The COVID-19 pandemic is straining every corner of the health care system, and pharmacies are no exception. Consequently, some hospice providers and patients are experiencing difficulty accessing some essential medications.
In some instances, the pandemic is exacerbating existing problems. Hospice providers around the country have been seeing ongoing shortages of general opioids, such as morphine and fentanyl, for some time even prior to the pandemic, as Jason Kimbrel, MyNHPCO pharmacist community leader for the National Hospice and Palliative Care Organization (NHPCO), told Hospice News.
“The pandemic did not make these [shortages] any better to deal with,” said Kimbrel. “It actually made them a little bit worse. So, hospices that are either looking for some type of an infusion or maybe in a setting where they might have an inpatient unit could be facing struggles with finding some of these medications.”
While not all regions throughout the country are experiencing difficulty, pockets exist in which accessing medications is more difficult for both hospice patients and providers. Patients in rural areas receiving home hospice care, for example, often have limited access to refills if caregivers are unable to provide as much in-person assistance due to the pandemic.
States reporting the highest COVID-19-related deaths, are seeing the most problems, with New York, New Jersey, Michigan, Louisiana and Illinois in the top five. Overwhelmed pharmacies are seeing rapidly increasing demands for medications as infection counts climb. Another challenge is an uptick of patients seeking pharmacy delivery services to minimize their risk of exposure.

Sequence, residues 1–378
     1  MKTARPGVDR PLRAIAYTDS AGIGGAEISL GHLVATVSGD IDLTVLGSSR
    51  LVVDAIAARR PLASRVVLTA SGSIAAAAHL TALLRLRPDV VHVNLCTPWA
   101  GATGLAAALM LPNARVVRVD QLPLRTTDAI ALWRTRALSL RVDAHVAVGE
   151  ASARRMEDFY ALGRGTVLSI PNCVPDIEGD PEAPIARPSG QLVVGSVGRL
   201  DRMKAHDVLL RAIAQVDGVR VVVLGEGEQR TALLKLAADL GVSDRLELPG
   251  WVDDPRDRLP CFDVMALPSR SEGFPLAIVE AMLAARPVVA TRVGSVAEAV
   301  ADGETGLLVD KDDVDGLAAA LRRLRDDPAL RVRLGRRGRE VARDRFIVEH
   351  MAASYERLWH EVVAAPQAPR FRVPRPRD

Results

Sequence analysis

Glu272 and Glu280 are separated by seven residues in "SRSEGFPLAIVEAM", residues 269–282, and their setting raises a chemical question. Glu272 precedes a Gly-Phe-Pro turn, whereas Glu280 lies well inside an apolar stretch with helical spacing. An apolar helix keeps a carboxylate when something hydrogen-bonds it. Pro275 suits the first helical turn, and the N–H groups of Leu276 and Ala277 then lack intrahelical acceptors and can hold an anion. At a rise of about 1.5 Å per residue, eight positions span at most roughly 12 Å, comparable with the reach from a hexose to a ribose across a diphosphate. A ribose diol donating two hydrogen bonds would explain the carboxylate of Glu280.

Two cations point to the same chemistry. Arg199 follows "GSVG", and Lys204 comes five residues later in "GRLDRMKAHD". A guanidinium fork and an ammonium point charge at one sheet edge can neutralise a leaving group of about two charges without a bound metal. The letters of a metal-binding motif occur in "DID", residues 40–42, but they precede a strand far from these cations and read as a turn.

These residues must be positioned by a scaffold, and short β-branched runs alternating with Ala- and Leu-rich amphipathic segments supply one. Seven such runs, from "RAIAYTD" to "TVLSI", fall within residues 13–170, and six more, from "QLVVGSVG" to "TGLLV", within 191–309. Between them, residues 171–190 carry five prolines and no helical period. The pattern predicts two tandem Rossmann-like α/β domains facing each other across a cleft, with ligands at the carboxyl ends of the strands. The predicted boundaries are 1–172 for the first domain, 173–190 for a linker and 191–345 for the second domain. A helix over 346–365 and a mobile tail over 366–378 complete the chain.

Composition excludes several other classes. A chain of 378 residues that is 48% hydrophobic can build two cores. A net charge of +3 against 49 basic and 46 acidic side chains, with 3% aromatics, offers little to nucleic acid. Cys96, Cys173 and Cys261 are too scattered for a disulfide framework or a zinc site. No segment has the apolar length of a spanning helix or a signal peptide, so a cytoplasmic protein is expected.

Linda V. DeCherrie, M.D., clinical director of Mount Sinai at Home, explained to Hospice News that smaller hospice organizations in these areas may not have the same capital that major systems have to afford inflated medication costs. Medications in highest demand for hospice and palliative care, such as oral medications for pain management, are taking longer to reach homebound patients. Supplies are slower to reach pharmacies, resulting in longer gaps of time stretching between medication home deliveries.
“In hospice, you often need to have liquid formulations, and we found that among many of the pharmacies where we would have normally been able to find liquid formulations of medications, their suppliers just weren’t able to get them in — or would take five days to get them in — which is usually not the timeframe we would like,” DeCherrie told Hospice News.
Hospices can help reduce the impact of medication shortages by ensuring that comprehensive patient assessments are thorough and effective, including medication reconciliation and profile review. Patient assessment was among the top survey deficiencies identified by the U.S. Centers for Medicare & Medicaid Services during 2019, with medication monitoring as an area hospice programs could improve upon.
“The medication profile review has been a CMS deficiency for multiple years,” Kimbrel said. “Hospices can have a strategy inside of your interdisciplinary teams to look at medications and understand their usefulness, understand where there’s risk, and make sure that you’re prescribing and deprescribing where it’s appropriate. Deprescribing can sometimes sound scary because it can seem like it’s stopping things. In general, hospice and geriatric populations in this country are on too many medications, and this can run the risk of more side effects and drug interactions. All of those things loop back to why the drug profile review continues to be high on the radar.”